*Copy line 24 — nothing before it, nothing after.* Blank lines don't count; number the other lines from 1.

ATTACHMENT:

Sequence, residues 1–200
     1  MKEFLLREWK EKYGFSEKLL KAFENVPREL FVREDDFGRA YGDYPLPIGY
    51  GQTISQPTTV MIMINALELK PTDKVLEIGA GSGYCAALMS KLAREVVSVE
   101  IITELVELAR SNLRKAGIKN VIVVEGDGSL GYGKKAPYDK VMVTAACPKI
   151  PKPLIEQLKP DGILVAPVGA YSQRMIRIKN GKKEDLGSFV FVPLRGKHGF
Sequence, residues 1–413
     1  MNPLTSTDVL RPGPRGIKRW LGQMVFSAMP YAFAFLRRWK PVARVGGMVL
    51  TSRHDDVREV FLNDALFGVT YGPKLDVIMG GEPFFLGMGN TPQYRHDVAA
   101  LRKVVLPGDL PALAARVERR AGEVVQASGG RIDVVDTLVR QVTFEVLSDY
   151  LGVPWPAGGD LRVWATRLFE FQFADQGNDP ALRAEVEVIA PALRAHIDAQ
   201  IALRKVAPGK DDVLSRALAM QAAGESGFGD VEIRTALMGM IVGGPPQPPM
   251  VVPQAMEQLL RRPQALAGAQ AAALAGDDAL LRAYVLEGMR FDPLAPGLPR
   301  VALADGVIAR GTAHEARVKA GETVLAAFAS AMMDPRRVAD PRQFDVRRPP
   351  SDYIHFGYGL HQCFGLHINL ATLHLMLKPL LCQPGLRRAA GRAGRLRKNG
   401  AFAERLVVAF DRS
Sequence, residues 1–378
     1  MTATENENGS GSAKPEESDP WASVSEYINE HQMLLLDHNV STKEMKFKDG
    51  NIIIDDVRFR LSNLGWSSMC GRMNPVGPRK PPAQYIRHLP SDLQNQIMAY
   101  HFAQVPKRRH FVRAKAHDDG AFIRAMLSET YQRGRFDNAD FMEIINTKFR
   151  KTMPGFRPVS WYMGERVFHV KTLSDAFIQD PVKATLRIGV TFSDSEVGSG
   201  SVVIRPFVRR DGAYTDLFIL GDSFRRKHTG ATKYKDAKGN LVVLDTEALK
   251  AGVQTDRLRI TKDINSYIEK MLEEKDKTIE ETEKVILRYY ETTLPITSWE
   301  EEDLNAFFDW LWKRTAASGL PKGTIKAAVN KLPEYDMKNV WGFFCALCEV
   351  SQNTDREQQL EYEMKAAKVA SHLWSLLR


   351  SQNTDREQQL EYEMKAAKVA SHLWSLLR